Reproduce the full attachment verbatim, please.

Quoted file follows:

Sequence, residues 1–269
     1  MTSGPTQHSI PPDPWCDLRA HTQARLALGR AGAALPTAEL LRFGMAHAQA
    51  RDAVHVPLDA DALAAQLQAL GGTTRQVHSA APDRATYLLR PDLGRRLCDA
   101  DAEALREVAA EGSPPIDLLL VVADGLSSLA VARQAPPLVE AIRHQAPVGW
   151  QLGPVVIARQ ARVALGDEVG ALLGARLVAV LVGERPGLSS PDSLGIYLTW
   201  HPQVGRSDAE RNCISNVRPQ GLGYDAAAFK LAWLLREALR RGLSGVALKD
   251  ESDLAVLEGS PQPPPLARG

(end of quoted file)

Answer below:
Sequence, residues 1–269
     1  MTSGPTQHSI PPDPWCDLRA HTQARLALGR AGAALPTAEL LRFGMAHAQA
    51  RDAVHVPLDA DALAAQLQAL GGTTRQVHSA APDRATYLLR PDLGRRLCDA
   101  DAEALREVAA EGSPPIDLLL VVADGLSSLA VARQAPPLVE AIRHQAPVGW
   151  QLGPVVIARQ ARVALGDEVG ALLGARLVAV LVGERPGLSS PDSLGIYLTW
   201  HPQVGRSDAE RNCISNVRPQ GLGYDAAAFK LAWLLREALR RGLSGVALKD
   251  ESDLAVLEGS PQPPPLARG